# Inverse units, inverse algebra

The use of space (stance) as an independent variable and time as a dependent variable leads to inverse ratios. There is pace instead of speed, that is, change in time per unit of length instead of change in length per unit of time. But a faster pace is a smaller number, which is counterintuitive and contrary to speed, for which faster speeds are larger numbers. There are two approaches to dealing with this:

1. Use two kinds of algebra: the usual one, in which zero signifies the smallest quantity, and an algebra in which zero signifies the largest quantity (or infinity). Then they are isomorphic, with their extremes corresponding inversely. For example, speed and pace both measure how fast a body is going, but they use different algebras. A large number for speed corresponds to a small number for pace, and vice versa.

2. Use the same algebra for both but invert one when making a comparison. For example, speed and pace are effectively inverses (apart from which is the independent and which the dependent variable). Given a speed and a pace for some body, to compare them requires inverting either the speed or the pace. An algebraic means of one corresponds to the harmonic mean of the other.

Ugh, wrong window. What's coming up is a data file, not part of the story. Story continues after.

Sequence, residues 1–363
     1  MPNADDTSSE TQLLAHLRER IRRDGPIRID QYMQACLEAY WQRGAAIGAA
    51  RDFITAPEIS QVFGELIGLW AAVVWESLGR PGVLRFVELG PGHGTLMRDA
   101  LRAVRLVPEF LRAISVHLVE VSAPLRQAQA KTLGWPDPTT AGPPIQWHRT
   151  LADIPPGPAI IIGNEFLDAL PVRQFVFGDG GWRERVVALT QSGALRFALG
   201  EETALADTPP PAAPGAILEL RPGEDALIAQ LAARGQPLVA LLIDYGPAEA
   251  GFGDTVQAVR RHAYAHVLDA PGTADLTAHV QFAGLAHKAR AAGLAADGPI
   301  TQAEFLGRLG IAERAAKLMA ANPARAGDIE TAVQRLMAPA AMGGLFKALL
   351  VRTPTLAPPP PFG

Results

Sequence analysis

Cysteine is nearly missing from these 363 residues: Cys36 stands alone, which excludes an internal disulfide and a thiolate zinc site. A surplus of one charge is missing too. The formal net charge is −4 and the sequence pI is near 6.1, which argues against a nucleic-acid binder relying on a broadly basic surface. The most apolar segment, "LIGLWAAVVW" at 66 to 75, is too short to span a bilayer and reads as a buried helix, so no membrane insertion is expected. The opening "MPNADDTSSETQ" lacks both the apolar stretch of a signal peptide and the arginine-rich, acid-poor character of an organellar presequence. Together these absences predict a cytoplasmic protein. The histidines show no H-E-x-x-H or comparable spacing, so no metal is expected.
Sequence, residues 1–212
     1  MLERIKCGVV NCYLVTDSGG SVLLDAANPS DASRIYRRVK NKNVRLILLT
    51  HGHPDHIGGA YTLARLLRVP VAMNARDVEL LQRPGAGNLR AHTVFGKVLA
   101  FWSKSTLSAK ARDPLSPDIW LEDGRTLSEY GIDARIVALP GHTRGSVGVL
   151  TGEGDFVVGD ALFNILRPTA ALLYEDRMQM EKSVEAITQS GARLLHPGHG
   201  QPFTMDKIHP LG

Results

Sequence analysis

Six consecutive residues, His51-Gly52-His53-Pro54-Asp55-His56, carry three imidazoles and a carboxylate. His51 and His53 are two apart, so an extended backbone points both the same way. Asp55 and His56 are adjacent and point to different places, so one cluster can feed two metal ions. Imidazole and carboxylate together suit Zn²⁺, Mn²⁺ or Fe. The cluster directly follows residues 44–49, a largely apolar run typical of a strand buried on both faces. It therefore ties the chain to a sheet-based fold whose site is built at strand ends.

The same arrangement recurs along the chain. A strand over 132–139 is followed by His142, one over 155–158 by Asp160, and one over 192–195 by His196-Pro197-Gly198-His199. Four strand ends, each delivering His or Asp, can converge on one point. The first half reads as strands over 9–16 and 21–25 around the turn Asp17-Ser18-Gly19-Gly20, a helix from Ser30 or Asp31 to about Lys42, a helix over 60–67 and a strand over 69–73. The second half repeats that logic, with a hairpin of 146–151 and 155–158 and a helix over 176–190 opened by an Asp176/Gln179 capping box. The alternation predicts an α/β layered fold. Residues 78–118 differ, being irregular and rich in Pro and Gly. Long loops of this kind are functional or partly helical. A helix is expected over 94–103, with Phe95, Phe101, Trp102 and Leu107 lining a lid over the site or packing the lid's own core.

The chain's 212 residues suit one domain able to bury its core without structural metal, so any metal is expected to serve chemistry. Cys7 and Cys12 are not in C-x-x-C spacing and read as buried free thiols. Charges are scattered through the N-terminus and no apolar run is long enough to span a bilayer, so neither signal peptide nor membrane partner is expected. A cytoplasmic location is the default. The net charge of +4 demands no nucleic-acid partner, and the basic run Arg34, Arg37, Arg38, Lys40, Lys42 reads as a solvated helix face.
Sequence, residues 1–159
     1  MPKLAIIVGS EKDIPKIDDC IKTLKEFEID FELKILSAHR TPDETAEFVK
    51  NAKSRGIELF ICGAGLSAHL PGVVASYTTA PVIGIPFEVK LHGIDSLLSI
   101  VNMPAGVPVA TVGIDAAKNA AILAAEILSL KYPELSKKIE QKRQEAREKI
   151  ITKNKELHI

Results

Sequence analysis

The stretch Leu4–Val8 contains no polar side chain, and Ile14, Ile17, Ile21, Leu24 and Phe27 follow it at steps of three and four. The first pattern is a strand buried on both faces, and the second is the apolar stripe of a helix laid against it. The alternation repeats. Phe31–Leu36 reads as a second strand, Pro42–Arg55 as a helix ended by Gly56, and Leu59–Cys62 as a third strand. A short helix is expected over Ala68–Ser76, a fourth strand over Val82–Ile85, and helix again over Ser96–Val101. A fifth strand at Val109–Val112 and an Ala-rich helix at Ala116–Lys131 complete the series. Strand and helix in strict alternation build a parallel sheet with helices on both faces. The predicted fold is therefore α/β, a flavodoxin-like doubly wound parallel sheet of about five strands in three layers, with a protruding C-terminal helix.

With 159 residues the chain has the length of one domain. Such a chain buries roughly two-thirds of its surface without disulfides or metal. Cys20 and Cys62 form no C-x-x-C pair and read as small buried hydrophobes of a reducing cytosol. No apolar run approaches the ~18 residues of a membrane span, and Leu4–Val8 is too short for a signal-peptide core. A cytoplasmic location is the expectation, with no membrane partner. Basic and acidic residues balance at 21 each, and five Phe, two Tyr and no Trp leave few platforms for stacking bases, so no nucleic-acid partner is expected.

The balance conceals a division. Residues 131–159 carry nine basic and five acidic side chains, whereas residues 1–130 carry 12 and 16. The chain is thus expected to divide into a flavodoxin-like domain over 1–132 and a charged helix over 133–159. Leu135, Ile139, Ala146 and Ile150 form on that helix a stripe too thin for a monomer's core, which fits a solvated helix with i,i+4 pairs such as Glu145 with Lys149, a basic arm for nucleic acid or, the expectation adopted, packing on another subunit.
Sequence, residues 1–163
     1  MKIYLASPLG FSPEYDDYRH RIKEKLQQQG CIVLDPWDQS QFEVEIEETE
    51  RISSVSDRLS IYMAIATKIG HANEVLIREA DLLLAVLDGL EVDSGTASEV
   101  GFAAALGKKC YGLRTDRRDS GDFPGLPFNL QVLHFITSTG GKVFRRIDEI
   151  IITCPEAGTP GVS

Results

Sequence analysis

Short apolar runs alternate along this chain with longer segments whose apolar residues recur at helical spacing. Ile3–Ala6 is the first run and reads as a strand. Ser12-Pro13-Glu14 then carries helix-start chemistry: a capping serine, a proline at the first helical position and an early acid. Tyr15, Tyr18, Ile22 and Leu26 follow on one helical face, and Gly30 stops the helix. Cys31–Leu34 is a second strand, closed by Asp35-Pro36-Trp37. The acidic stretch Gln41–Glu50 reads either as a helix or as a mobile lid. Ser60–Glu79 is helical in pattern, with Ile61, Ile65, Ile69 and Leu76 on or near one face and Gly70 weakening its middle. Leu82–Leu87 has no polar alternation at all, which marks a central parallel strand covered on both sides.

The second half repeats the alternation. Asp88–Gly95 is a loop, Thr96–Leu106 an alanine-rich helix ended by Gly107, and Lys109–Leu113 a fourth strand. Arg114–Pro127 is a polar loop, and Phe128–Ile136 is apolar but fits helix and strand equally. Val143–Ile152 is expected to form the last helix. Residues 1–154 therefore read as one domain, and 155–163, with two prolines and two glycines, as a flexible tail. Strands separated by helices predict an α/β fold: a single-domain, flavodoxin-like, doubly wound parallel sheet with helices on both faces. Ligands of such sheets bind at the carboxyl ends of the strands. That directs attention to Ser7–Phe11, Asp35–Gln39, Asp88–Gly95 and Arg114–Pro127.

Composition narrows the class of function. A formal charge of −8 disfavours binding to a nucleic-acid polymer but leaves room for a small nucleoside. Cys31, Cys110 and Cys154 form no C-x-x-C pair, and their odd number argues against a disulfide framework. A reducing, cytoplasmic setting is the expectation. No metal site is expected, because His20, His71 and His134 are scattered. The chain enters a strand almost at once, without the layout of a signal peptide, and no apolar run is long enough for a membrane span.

The first approach inverts the algebra, whereas the second approach inverts the units. The second approach is preferable because we are so accustomed to ordinary algebra that introducing an alternative would be unnecessarily difficult. It’s much easier to change units than to change algebra.

The second approach is found in the comparison of time mean speed and space mean speed: the space mean speed is the algebraic mean of speeds with a common time unit, and the time mean speed is the harmonic mean of speeds with a common length unit. The time mean speed is the mean pace inverted, which is a reciprocal speed, which uses reciprocal arithmetic.

Relativity uses a quotient, β, which is the speed of a body divided by the speed of light. Since the speed of light is the highest speed, β is always between zero and one, inclusive, in which zero signifies rest and one signifies the speed of light. What corresponds to β for pace? At first it seems to be the pace of a body divided by the pace of light. But such a quotient is the inverse of β, which would require an inverse algebra. The second approach is to take the inverse of this, which equals β. This is consistent with the inverse correspondence between space and time.